Accurate diagnosis of MODY has important prognostic and therapeutic implications for the individual and the family. Best practice guidelines have been established for molecular genetic testing in patients with suspected MODY [2, 5, 7, 9]. They advocate testing in individuals with a strong family history, presentation at younger age (<25 years) and features atypical for type 1 diabetes (negative antibodies, insulin independence) or type 2 diabetes (absent components of the metabolic syndrome). However, taking further specific clinical features into consideration increases the likelihood of detecting the different MODY subtypes: if the above-mentioned features are present in young-onset diabetes, which remains insulin-independent for more than 3 years and there is marked sensitivity to sulfonylureas, MODY 3 and 1 are likely; additional renal and genital abnormalities indicate MODY 5; if there is persistent mild hyperglycaemia >5.5 mmol/l with only a small increase in <3 mmol/l in the oGTT, typically diagnosed in pregnancy, MODY 2 is suspected and testing for GCK mutations recommended. These MODY subtypes 1, 2, 3 and 5 make up over 95% of all MODY gene mutations. Laboratories performing certified sequencing of the suspected gene(s) are listed on the following website The actual cost of one gene sequencing is about CHF 1,200.–, and reimbursement by the insurance companies must be applied for.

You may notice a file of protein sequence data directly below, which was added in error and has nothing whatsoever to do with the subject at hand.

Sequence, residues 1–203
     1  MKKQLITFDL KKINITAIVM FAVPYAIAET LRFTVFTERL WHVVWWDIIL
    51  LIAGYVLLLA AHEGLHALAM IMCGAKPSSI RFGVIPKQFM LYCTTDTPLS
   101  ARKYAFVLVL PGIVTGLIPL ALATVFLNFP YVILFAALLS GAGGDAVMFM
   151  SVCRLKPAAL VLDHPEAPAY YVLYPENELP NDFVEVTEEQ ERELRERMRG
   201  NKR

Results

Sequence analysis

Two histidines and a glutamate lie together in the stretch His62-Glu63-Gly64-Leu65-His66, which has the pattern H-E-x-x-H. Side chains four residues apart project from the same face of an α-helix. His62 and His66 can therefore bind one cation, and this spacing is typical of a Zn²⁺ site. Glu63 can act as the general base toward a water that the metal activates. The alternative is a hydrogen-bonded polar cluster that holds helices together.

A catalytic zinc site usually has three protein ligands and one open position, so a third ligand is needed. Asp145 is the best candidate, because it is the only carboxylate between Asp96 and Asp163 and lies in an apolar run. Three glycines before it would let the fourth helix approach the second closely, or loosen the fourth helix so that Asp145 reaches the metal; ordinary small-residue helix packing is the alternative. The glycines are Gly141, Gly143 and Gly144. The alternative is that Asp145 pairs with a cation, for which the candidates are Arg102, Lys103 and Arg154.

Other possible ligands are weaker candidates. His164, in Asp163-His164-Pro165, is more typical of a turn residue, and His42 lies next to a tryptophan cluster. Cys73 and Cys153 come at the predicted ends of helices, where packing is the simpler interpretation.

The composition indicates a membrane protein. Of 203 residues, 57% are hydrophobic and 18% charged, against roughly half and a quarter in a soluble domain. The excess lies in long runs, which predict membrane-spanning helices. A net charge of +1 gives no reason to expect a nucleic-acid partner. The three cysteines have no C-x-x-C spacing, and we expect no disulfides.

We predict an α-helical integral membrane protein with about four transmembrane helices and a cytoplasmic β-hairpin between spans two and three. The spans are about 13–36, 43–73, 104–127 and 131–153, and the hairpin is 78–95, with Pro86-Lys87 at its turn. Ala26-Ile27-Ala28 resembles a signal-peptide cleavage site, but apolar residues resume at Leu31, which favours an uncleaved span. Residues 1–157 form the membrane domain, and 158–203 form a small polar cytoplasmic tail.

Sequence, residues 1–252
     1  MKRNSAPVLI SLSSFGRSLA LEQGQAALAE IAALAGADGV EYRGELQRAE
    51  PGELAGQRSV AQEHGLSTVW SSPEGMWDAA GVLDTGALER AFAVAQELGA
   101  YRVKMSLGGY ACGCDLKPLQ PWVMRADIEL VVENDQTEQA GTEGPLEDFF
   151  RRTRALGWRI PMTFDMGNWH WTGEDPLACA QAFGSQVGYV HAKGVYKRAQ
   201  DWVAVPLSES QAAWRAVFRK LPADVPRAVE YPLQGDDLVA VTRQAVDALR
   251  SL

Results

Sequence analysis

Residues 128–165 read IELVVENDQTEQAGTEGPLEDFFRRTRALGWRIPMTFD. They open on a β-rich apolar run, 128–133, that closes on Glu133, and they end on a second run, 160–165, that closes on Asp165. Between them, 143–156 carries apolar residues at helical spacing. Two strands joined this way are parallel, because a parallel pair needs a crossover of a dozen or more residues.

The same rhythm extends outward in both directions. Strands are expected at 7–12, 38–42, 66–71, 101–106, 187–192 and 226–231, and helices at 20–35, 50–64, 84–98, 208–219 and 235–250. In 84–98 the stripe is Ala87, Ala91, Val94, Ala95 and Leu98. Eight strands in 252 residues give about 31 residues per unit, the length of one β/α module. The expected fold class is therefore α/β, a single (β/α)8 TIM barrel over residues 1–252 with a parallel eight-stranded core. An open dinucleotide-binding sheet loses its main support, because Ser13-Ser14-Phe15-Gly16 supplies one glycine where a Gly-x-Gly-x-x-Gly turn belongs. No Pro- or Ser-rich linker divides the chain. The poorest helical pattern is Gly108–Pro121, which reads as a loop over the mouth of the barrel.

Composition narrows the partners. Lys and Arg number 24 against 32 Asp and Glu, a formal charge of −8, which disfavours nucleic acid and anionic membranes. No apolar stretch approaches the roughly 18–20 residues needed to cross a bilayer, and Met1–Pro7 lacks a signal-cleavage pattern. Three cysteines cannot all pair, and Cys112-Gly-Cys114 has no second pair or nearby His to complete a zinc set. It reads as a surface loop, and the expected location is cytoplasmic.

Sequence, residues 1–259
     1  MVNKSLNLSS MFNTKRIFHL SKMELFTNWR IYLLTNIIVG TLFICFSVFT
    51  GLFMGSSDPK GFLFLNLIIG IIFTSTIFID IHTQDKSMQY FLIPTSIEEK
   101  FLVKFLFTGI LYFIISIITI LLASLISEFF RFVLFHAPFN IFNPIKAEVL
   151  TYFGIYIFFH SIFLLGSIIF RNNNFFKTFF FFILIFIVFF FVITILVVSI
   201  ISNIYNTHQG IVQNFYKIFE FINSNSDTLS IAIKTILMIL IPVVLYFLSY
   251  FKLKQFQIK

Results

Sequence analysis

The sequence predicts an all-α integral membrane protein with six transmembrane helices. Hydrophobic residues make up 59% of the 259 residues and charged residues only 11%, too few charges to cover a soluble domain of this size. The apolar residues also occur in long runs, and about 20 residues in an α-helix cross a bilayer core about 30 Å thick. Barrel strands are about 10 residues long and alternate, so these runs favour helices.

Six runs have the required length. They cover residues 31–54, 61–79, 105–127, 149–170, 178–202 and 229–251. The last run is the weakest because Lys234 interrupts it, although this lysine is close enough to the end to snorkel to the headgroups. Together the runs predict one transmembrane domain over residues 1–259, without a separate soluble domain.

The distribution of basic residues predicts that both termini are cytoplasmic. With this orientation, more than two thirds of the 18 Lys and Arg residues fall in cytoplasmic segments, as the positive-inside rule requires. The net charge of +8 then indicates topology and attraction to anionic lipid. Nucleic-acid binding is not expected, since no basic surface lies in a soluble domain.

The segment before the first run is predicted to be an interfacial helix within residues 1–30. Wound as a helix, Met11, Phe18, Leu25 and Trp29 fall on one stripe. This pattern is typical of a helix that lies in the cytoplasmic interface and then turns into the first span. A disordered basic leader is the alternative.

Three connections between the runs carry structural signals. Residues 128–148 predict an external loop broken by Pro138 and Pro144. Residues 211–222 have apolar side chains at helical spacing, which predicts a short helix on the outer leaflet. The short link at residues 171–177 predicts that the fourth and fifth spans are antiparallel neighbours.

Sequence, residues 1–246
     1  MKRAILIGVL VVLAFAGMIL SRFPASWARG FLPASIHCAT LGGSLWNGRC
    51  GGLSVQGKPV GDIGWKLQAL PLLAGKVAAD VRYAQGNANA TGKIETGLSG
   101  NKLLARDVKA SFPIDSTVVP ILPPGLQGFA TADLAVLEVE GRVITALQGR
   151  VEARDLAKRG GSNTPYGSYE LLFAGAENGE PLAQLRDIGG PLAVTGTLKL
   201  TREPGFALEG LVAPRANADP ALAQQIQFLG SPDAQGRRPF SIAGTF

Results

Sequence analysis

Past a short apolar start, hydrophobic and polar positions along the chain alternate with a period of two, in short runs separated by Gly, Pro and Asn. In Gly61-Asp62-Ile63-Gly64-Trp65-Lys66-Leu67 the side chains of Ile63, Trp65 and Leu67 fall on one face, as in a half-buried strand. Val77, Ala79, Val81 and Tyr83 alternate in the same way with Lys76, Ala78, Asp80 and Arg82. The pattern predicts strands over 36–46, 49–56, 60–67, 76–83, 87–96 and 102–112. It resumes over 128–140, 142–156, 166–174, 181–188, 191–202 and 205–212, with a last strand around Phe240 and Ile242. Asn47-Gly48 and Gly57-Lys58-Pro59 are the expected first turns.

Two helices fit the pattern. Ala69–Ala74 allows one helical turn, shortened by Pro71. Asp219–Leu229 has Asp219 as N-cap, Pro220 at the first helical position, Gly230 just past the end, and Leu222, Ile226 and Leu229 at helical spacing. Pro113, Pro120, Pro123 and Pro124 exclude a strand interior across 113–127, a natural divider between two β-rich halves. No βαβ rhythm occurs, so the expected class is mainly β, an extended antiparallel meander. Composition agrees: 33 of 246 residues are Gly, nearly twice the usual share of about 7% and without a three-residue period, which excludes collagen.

Table 1: Clinical characteristics of MODY vs diabetes type 1 and type 2 (adapted from [1, 2, 9]).
Characteristic MODY Type 1 diabetes Type 2 diabetes
Age at diagnosis <25 y 5–20 y >25 y
Parental history 60–95% <10% 10–40%
Inheritance Autosomal dominant autoimmune disease polygenic
Obesity Insulin resistance Metabolic syndrome }   Uncommon Uncommon Common
Beta cell antibodies Absent Present Absent
C-peptide Normal Undetectable High – low
Optimal treatment Sulfonylurea (MODY 1,3,4) Insulin Metformin
Table 2: Different MODY subtypes: gene mutations, pathophysiology and clinical manifestations (with prevalence amongst MODY patients).
MODY Pathophysiological mechanism Clinical characteristics